You are legally responsible for what you post and your anonymity is not guaranteed.
 
Posts that insult, defame, threaten, harass or abuse other readers or people mentioned in IBJ editorial content are also subject to removal. Please respect the privacy of individuals and refrain from posting personal information.
 
No solicitations, spamming or advertisements are allowed. Readers may post links to other informational websites that are relevant to the topic at hand, but please do not link to objectionable material.
 
We may remove messages that are unrelated to the topic, encourage illegal activity, use all capital letters or are unreadable.
 

Messages that are flagged by readers as objectionable will be reviewed and may or may not be removed. Please do not flag a post simply because you disagree with it.

Sponsored by
ADVERTISEMENT

facebook - twitter on Facebook & Twitter

Follow on TwitterFollow IBJ on Facebook:
Follow on TwitterFollow IBJ's Tweets on these topics:
 
Subscribe to IBJ
  1. I am a Lyft driver who is a licensed CDL professional driver. ALL Lyft drivers take pride in providing quality service to the Indianapolis and surrounding areas, and we take the safety of our passengers and the public seriously.(passengers are required to put seat belts on when they get in our cars) We do go through background checks, driving records are checked as are the personal cars we drive, (these are OUR private cars we use) Unlike taxi cabs and their drivers Lyft (and yes Uber) provide passengers with a clean car inside and out, a friendly and courteous driver, and who is dressed appropriately and is groomed appropriately. I go so far as to offer mints, candy and/or small bottle of water to the my customers. It's a mutual respect between driver and passenger. With Best Regards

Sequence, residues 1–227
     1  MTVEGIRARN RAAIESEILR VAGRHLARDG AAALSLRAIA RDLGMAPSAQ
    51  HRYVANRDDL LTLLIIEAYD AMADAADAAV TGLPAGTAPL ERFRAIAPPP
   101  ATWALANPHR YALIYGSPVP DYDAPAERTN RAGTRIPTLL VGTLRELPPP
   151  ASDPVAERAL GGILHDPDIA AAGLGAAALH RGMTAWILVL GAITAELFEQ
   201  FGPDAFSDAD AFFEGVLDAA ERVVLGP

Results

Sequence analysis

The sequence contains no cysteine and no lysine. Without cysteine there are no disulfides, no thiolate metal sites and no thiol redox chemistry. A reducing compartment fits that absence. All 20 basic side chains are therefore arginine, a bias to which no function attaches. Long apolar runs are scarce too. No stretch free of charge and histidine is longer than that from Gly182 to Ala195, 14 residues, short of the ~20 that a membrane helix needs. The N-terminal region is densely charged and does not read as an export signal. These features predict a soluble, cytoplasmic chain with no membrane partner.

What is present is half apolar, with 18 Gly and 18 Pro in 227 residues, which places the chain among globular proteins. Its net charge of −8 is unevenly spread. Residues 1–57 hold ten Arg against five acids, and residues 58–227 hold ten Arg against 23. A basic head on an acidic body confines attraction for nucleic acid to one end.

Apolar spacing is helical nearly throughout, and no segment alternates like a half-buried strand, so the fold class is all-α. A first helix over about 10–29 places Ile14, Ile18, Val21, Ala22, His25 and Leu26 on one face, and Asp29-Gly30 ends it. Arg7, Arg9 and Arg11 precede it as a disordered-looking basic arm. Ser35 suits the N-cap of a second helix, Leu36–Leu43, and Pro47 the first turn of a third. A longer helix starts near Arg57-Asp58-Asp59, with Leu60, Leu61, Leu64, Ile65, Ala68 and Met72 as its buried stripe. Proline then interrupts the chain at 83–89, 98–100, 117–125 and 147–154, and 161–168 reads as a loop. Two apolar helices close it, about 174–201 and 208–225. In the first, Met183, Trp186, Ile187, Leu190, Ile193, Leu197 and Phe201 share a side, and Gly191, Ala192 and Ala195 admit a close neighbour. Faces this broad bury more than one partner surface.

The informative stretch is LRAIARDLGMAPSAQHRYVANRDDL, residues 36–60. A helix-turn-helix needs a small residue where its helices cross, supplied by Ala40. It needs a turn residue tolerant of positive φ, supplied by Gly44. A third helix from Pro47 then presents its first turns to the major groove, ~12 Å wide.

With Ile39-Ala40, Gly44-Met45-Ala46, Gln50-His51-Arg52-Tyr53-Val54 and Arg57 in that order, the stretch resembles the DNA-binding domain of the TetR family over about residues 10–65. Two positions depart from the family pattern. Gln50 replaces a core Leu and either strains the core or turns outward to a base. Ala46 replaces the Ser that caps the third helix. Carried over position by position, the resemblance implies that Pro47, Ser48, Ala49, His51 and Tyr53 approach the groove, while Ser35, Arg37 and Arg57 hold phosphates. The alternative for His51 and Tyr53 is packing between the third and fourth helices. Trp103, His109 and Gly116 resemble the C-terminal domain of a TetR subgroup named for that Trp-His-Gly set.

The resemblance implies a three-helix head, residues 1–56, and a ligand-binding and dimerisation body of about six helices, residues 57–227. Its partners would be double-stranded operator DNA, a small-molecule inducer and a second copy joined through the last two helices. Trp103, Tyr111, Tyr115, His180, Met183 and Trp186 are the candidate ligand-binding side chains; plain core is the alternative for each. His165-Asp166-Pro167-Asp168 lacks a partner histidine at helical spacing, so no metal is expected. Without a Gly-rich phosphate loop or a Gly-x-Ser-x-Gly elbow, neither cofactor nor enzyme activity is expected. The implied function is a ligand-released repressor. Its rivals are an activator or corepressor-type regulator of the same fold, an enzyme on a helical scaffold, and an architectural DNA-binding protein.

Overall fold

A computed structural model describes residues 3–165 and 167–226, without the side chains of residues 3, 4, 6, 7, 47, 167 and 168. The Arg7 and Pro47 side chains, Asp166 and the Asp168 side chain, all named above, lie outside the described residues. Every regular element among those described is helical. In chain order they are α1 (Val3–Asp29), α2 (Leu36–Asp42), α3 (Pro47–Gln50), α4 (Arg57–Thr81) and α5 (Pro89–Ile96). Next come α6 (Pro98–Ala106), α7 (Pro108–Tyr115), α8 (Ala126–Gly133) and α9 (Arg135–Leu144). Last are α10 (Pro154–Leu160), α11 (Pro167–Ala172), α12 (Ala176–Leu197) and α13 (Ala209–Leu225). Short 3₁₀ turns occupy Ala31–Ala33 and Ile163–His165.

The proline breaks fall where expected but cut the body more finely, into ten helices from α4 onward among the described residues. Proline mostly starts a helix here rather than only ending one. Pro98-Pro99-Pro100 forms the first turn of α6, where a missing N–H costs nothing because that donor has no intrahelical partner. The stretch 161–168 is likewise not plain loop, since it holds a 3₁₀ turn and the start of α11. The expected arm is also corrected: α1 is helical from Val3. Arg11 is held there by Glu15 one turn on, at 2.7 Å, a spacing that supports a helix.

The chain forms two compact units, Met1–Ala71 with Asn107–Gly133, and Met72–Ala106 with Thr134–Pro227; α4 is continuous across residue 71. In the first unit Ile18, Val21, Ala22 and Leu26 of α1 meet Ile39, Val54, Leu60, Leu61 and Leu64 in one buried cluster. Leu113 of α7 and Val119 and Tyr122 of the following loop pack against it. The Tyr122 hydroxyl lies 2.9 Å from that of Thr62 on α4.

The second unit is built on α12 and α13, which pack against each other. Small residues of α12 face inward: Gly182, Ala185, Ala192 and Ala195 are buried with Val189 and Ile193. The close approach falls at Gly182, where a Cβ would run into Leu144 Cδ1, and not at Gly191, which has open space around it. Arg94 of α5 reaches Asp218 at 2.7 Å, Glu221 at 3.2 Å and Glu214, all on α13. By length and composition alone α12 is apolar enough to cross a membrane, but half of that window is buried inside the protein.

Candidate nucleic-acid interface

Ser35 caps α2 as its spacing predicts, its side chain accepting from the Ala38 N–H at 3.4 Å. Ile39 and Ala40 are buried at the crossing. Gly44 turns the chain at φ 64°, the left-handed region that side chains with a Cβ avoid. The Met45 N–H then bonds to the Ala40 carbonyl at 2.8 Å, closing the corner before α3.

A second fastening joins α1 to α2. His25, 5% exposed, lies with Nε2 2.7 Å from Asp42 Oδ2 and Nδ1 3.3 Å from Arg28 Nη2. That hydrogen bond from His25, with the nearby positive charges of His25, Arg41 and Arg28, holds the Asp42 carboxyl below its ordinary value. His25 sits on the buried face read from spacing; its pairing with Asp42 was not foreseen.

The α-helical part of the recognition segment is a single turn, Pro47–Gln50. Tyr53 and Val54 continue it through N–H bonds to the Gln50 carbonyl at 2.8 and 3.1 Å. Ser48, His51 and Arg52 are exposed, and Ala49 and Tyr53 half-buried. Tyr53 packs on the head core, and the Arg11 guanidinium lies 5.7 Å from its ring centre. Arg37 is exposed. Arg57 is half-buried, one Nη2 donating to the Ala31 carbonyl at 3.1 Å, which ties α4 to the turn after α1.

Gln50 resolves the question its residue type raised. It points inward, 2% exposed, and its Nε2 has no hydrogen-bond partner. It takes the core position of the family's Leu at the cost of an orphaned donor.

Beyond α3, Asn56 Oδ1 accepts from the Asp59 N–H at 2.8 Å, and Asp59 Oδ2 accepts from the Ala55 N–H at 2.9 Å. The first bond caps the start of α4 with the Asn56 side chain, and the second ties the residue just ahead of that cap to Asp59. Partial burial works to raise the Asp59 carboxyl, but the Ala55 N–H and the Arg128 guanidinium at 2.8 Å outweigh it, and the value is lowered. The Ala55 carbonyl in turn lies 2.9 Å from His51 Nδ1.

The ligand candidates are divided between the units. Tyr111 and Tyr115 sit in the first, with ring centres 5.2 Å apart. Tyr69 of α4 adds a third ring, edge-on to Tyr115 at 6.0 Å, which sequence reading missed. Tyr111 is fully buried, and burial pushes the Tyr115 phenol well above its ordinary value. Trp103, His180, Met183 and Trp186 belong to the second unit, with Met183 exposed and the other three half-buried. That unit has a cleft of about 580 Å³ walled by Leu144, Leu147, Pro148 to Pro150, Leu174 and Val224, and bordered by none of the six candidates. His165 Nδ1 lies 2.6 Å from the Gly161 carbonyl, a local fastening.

2. to be the big fish in the little pond of IRL midwest racin' when yer up against Racin' Gardner

  3. In the first sentance "As a resident of one of these new Carmel Apartments the issue the local governments need to discuss are build quality & price." need a way to edit

  4. As a resident of one of these new Carmel Apartments the issue the local governments need to discuss is build quality & price. First none of these places is worth $1100 for a one bedroom. Downtown Carmel or Keystone at the Crossing in Indy. It doesn't matter. All require you to get in your car to get just about anywhere you need to go. I'm in one of the Carmel apartments now where after just 2.5 short years one of the kitchen cabinet doors is crooked and lawn and property maintenance seems to be lacking my old Indianapolis apartment which cost $300 less. This is one of the new star apartments. As they keep building throughout the area "deals" will start popping up creating shoppers. If your property is falling apart after year 3 what will it look like after year 5 or 10??? Why would one stay here if they could move to a new Broad Ripple in 2 to 3 years or another part of the Far Northside?? The complexes aren't going to let the "poor" move in without local permission so that's not that problem, but it the occupancy rate drops suddenly because the "Young" people moved back to Indy then look out.

  5. Why are you so concerned about Ace hardware? I don't understand why anyone goes there! Every time ive gone in the past, they don't have what I need and I end up going to the big box stores. I understand the service aspect and that they try to be helpful but if they are going to survive I think they might need to carry more specialty parts.

ADVERTISEMENT